FARC negotiators meet with survivors of the 2002 Bojayá massacre on December 18.
El Tiempo Editor Marisol Gómez Giraldo offers a clear but largely optimistic overview today of where discussions of “de-escalation” stand, following the FARC’s declaration of a unilateral, conditional cease-fire and the government’s refusal to accept the guerrillas’ terms.
If the Havana negotiations follow the logic that the parties expect, this clear gesture of peace from the FARC should be followed, in a gradual process, by the de-escalation of the conflict, a bilateral cease-fire, and the abandonment of arms. And that this depends, in principle, on the guerrilla group, because the results of their cessation of offensive operations should first be reflected among the civilian population.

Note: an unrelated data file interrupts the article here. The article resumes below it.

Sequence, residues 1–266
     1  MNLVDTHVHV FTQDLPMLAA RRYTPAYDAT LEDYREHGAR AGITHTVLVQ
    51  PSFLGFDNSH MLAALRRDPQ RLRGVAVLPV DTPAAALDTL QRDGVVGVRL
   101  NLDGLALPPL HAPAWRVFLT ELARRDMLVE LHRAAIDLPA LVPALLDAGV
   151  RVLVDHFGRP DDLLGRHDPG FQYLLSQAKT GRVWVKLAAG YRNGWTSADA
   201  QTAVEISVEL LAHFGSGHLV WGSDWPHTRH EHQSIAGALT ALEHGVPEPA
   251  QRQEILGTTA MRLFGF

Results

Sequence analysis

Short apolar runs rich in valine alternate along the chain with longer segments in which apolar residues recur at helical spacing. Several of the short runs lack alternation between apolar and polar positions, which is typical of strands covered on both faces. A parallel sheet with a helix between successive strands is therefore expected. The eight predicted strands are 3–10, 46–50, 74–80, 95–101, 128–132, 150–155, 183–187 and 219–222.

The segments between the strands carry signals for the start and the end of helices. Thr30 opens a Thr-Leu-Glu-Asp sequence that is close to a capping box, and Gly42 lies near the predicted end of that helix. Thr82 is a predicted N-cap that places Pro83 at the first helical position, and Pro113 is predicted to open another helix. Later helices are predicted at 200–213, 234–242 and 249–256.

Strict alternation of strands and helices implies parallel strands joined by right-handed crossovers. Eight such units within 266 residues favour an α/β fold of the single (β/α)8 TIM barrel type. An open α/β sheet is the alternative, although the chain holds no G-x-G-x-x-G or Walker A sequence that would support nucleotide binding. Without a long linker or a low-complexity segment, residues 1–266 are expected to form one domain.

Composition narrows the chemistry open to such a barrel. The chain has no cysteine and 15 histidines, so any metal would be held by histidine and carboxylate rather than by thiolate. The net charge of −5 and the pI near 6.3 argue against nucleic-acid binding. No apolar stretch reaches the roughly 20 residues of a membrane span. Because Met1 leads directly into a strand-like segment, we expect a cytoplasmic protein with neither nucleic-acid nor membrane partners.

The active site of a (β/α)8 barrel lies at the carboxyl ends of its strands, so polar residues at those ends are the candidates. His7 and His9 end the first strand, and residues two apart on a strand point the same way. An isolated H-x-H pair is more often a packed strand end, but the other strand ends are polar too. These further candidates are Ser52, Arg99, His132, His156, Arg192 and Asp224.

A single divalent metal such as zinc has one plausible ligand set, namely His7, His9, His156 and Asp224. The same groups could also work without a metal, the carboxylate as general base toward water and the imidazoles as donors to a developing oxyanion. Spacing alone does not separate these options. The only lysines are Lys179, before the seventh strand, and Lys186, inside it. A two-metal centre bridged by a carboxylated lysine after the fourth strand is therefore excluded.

At the outset, this means the diminution of the war’s intensity, reducing its impact on civilians. That is why the government, in a first phase, calls it “humanitarian de-escalation.” This is what the government and FARC negotiators have currently been talking about in Havana.
Military de-escalation, which also implies a withdrawal of the armed forces, is for a second phase. For when it has been proved that the guerrillas are not using the truce to prolong the peace negotiations.
It is, in fact, one of the reasons why President Juan Manuel Santos repeats that the bilateral cease-fire will only happen when abandonment of weapons has already begun to occur.